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Thread: The birth of the Mustang / Featuring - Ford PR Video

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    The birth of the Mustang / Featuring - Ford PR Video

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    Before the fabled pony car first hit the streets a team of Ford designers and engineers was assembled to create a concept car to test the public's interest in a sporty new car. One of the treats in the video is seeing Phil Clark at work on the original Mustang logo. We also see Clark hard at work shaping the clay on the buck and his sketches adorn the walls of the studio. It's a tribute to an extremely gifted designer who died when he was only 32 but left behind a legacy of automotive design and a daughter, Holly, who's dedicated to making sure the world remembers her father's contribution to the Mustang.

    This Ford PR film captures the inside story of the team's efforts that put the first Mustang on the road.




    The first Mustang was a pure, two-seater sports car prototype with mid-engine V4 power
    Ford product manager Don Frey had a bright idea for an all-new model. He saw it as a two-seater sports car that would serve as a lower cost competitor for Chevrolet's Corvette.
    The first Mustang was a concept car with pop-up headlights, a mid-engine V4 and racing windshield.
    Though the automotive press was in love with the first Mustang, Ford saw it as having limited appeal.


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    Story Continued....

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    Lee Iacocca suggested the Mustang be converted to a four-seat configuration and relentlessly pushed the car through a thicket of skeptical Ford executives including CEO Henry Ford II who feared another Edsel disaster.

    Ford’s bean-counting financial executives opposed the Mustang during every step of its development and nearly succeeded in killing the project.
    Full size clay mock-up from 1962 shows unusual side treatment
    When Henry Ford II was shown the original Mustang prototype, he thought the back seat was crowded and ordered designers to add another inch of length to the roofline.

    Basing the Mustang on the Falcon compact saved Ford tons of money, making it a high profit earner right out of the gate.
    Pre-production Mustang prototype shows Cougar grill insignia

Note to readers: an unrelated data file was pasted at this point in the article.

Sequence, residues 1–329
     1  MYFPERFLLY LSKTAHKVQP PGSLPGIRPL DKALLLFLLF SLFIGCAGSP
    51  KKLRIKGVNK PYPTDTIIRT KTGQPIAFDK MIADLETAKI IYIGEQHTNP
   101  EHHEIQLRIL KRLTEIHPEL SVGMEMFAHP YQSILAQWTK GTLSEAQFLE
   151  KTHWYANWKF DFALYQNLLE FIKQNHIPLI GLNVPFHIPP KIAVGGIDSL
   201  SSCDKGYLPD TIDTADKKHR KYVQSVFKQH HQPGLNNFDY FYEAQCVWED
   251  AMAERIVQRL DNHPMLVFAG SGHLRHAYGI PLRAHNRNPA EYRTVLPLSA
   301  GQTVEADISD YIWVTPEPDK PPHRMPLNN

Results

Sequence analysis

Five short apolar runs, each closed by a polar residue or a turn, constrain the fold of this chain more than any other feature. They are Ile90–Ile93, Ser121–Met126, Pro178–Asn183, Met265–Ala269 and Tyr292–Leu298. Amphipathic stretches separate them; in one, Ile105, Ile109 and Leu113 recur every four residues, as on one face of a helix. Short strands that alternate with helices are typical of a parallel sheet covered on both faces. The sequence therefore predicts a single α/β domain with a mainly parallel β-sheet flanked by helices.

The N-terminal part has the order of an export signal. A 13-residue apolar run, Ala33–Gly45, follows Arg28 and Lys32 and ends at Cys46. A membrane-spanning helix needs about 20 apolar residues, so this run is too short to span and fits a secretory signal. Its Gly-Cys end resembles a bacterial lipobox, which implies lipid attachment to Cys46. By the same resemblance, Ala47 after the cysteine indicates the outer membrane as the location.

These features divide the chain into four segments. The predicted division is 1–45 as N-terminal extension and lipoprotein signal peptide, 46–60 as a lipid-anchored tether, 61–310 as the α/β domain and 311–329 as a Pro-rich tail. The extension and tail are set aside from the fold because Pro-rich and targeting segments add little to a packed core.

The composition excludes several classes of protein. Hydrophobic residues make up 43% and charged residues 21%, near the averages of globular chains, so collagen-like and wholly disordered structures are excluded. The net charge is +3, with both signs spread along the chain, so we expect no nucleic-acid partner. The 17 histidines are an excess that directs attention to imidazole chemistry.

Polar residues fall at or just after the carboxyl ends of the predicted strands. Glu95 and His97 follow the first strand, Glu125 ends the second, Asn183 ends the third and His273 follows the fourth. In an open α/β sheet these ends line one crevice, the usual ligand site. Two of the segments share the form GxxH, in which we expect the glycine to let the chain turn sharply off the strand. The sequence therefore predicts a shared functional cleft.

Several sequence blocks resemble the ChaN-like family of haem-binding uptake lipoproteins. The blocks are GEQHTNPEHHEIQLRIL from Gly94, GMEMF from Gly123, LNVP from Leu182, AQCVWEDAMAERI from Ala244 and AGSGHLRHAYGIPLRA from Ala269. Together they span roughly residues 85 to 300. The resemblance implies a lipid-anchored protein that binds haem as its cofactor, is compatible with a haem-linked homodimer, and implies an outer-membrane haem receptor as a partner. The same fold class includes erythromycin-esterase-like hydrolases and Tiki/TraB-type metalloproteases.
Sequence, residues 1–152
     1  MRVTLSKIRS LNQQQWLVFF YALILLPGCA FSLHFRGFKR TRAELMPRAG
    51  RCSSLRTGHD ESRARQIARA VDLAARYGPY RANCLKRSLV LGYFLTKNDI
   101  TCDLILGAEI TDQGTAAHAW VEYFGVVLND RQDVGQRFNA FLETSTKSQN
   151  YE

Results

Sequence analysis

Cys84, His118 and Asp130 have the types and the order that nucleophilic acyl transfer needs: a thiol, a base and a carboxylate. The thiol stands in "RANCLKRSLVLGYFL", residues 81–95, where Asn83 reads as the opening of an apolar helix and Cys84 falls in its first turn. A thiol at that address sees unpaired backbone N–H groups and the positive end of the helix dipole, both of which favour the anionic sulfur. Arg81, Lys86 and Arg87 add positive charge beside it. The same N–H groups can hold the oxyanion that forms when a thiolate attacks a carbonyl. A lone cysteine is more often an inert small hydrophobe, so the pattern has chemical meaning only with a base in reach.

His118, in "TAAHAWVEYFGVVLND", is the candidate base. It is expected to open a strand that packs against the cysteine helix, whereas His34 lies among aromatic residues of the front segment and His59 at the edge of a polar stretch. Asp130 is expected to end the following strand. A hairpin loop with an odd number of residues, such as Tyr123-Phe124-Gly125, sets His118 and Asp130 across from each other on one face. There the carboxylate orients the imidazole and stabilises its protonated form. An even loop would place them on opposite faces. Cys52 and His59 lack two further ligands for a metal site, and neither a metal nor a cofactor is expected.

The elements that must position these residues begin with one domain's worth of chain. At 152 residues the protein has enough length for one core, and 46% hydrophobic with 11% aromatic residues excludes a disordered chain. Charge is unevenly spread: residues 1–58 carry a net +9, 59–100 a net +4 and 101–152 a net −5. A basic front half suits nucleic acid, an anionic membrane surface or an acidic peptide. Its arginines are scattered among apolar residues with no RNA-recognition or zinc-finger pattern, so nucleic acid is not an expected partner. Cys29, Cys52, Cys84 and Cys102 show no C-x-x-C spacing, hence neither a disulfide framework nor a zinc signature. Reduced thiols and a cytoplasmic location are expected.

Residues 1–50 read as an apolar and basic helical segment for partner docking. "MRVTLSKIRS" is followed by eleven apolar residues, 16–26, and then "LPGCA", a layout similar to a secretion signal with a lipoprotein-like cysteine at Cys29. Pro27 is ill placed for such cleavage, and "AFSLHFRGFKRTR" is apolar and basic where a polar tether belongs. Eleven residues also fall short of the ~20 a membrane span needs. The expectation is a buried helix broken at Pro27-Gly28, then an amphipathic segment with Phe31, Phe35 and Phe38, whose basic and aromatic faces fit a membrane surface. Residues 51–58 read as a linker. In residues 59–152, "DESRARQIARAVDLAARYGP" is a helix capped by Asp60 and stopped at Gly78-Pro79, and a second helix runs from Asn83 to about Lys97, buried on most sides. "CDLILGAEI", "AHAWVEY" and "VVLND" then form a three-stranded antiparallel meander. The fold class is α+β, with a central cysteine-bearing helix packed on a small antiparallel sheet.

Though "Torino" was an early favorite and Henry Ford II wanted to call the new car a “Thunderbird II” or "T-Bird II", early pre-production prototypes were called Ford Cougars and bore an image of a stylized cat in their grills instead of a horse. The Mustang name came from the fastest propellor-driven airplane of WWII, the P-51 fighter.

    The Mustang’s rear fender side scoops were originally designed to send cooling air to the rear brakes but Ford’s bean counters nixed it when they computed that they could save $15 per car by using fake scoops instead.
    Though the Mustang’s list price was $2368, the average buyer added $1000 in options, which were hugely profitable for Ford.

    Ford made a billion dollars in profit (1960s money) off the Mustang in its first year.

    Conducting a publicity campaign for himself and the Mustang, Lee Iacocca flew to New York to promote the new car to Time and Newsweek magazines. Newsweek’s national editor Jim Cannon was so impressed by Iacocca’s enthusiasm for the car; he bought a Mustang from him on the spot.

    Iacocca appeared on both Time and Newsweekcovers the same week.

    Ford's original sales estimates for the Mustang were 100,000 units for its first year but the car sold that many copies in its first 90 days and went on to move over a million cars off showroom floors within its first 18 months.
    The Mustang created the “pony car” genre of automobiles. It was soon joined by Chevrolet Camaro, Pontiac Firebird, AMC Javelin, and Mercury Cougar but only the 'Stang stayed in continuous production for over four decades.

    Continue reading on the Examiner / Examiner.com" Ford Mustang: Secret history revealed - National Classic Autos | Examiner.com http://www.examiner.com/classic-auto...#ixzz1sKkm4uTZ

    Additional info on the "Pony cars Birth:" http://www.smokinstangs.com/content....and-News-Feeds

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